Estimating the progress of projects

Shlomo Globerson*, Avraham Shtub

*Corresponding author for this work

Research output: Contribution to journalArticlepeer-review


To control a project means to compare its original plan with its present status and to initiate corrective actions when needed. A major impediment to control is in estimating the status or progress of the project. Dividing a project into work packages is one way to simplify the planning and control process. During the project life cycle, many work packages are in progress at every single moment. Therefore, evaluating the portion of work completed in the in-progress work packages becomes a crucial issue. This article presents two approaches to evaluating in-progress work packages. The first is based on the concept of equivalent number of units (ENU). ENU is a physical measure of the completed amount of work content. This approach may be used when it is possible to identify a pattern of repetition within the project (such as in a batch project or a project with similar components). Projects like these contain repetitive elements. Therefore, a learning curve model is introduced as a tool for establishing a realistic plan for project progress. The second approach is relevant to projects with a relatively low pattern of internal repetition. In such projects, each work package is treated separately. However, most work packages have common milestones such as start, delivery, and customer approval. Percent of completion is assigned to each milestone, enabling us to estimate the amount of completed work. Use of the two approaches is demonstrated by examples.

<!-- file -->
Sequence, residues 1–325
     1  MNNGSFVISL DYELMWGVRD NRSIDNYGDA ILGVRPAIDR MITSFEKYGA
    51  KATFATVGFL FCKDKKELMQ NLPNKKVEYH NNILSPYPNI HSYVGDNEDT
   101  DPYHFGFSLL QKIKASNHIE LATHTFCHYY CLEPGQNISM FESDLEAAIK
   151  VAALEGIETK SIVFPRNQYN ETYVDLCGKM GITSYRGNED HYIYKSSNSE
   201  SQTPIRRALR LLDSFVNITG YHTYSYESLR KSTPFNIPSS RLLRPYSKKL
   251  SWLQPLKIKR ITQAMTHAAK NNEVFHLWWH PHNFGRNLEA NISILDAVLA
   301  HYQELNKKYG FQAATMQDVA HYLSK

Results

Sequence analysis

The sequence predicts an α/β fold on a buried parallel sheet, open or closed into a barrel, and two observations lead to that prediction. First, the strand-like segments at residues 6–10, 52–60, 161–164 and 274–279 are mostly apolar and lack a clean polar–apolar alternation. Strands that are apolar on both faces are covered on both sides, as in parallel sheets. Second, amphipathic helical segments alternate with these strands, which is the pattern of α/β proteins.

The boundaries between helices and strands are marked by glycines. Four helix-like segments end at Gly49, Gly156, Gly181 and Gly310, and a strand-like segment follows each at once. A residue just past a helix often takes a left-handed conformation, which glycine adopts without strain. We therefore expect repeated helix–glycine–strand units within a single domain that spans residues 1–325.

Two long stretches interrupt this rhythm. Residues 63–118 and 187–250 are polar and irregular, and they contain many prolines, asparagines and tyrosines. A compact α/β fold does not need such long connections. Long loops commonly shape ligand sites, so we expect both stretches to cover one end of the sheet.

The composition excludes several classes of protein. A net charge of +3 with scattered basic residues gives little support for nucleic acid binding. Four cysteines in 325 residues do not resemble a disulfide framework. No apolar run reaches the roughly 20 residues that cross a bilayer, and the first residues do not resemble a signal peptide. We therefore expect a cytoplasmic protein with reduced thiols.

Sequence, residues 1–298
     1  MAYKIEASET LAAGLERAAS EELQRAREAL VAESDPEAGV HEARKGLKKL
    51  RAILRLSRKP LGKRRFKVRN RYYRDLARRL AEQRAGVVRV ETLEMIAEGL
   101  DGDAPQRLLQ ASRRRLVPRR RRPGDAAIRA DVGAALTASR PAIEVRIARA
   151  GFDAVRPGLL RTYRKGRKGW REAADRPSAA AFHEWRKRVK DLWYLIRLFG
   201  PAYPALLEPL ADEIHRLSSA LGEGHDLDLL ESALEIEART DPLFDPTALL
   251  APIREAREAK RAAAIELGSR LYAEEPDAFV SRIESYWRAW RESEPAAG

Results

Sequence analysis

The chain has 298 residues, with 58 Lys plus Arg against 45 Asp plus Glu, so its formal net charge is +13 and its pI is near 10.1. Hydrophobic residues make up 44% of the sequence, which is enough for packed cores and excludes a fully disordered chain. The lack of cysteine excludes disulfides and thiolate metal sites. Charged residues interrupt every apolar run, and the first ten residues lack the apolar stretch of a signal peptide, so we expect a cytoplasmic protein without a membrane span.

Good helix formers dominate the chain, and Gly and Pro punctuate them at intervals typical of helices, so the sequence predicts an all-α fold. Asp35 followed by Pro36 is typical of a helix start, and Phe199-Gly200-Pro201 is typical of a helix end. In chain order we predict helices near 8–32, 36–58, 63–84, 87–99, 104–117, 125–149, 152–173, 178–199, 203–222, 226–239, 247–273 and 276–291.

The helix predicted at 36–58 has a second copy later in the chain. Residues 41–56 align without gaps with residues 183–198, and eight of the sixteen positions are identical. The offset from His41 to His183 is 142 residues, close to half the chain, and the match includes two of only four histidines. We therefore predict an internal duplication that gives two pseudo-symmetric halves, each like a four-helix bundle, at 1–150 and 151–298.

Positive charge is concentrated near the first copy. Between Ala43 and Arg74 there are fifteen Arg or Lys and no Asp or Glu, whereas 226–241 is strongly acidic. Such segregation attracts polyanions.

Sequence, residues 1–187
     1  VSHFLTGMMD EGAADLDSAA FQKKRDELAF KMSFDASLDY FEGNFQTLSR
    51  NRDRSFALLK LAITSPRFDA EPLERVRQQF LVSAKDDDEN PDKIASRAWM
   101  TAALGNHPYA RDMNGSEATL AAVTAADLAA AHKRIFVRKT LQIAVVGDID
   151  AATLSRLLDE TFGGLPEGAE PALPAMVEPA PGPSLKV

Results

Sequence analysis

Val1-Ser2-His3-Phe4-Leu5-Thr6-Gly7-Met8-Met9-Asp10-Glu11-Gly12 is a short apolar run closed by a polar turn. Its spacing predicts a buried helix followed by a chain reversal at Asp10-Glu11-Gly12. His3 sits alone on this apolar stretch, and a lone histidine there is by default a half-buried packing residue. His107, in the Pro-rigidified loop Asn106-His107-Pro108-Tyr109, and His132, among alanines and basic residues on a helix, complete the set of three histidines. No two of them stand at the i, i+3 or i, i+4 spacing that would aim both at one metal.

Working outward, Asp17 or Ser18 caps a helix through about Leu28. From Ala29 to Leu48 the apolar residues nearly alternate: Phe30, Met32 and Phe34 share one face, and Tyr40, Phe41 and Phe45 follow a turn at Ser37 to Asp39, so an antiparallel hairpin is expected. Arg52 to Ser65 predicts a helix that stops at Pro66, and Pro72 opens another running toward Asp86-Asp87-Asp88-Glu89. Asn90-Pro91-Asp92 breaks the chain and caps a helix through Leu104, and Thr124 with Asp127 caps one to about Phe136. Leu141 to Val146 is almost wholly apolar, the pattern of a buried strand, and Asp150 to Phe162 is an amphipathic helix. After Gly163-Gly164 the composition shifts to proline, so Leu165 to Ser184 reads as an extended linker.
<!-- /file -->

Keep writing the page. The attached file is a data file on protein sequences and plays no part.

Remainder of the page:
Original languageEnglish
Pages (from-to)39-44
Number of pages6
JournalEMJ - Engineering Management Journal
Issue number3
StatePublished - Sep 1995


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